#17

Thanks. Lumber is actually reasonably priced. 8’ 2x4 pressure-treated are $3.42 each. I could definately build one way cheaper than I could buy one. I built my kids a “treehouse” on the property line two years ago. It’s “temporary” because it doesn’t have power and water, and it’s not connected to the house. It’s 120sq ft, two floors.

I think I need to build another “treehouse” that’s more like 24’x9’!


#18

That’s kind of what I meant. We hired someone off of Craigslist to come build ours. It was their own design, though I assume they pre-kit’ed it prior to transporting to the property.

For the code aspect of it, does it have to be power AND water to classify it as permanent, or could you get away with temporary if you have only power?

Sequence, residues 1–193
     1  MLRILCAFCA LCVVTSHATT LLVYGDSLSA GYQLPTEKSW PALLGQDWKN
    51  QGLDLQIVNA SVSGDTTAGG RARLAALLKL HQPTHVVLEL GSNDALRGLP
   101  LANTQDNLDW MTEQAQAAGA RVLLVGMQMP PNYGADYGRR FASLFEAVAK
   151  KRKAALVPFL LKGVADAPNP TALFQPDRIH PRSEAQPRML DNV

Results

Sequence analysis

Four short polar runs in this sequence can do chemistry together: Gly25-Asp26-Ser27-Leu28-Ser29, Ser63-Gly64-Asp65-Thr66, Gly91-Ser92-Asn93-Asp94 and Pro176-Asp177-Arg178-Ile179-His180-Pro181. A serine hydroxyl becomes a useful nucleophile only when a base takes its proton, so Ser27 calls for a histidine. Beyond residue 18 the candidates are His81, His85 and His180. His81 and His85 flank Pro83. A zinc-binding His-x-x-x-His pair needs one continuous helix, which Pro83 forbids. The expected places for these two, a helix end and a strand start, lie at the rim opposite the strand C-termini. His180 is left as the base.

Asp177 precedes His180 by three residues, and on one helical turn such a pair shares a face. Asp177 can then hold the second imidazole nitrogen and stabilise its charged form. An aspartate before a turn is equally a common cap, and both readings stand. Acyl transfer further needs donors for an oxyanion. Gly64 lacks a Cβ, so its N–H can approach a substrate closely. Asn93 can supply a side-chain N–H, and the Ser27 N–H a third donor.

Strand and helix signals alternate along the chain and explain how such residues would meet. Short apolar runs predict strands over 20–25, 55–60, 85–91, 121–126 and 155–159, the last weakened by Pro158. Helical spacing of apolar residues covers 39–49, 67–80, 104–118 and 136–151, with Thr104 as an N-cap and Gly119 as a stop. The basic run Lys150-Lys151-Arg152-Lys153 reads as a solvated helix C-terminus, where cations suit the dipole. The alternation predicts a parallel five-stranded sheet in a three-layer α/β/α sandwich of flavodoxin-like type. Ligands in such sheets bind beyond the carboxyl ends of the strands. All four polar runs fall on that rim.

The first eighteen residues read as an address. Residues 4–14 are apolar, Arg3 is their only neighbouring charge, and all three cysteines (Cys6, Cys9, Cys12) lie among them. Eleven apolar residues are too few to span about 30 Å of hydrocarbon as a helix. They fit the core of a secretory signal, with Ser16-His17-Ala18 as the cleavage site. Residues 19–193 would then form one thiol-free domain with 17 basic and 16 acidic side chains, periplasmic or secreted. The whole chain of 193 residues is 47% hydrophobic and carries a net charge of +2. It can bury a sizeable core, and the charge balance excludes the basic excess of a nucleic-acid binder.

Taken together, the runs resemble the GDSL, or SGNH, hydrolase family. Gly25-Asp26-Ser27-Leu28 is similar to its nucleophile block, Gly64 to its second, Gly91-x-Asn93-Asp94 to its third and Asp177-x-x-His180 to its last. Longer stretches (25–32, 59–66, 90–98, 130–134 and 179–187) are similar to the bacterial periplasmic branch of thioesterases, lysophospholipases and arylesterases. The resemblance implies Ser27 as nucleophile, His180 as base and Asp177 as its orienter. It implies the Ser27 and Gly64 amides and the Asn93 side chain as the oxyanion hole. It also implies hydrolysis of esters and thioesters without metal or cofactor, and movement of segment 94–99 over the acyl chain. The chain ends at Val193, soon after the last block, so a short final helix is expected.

#19

This is in the back corner of a yard with no access, unfortunately. I can build it with a couple of other people helping me.
The rules are, that it can’t be more than 120sq feet.
Can’t have water AND electricity, only one or the other.
Any permanent structure has a 5’ setback… temporary structures do not
Anything attached to my house has to have a permit

I’m thinking something more like 8’x14’ that’s “temporary” and sits right next to the house. That gives me 3’ to walk around the shed. Doors on either end, and a wall full of either windows or hatches.


#20

Here are some “shed kits” that you just add 2x4 and plywood. You can use multiple kits to make it longer.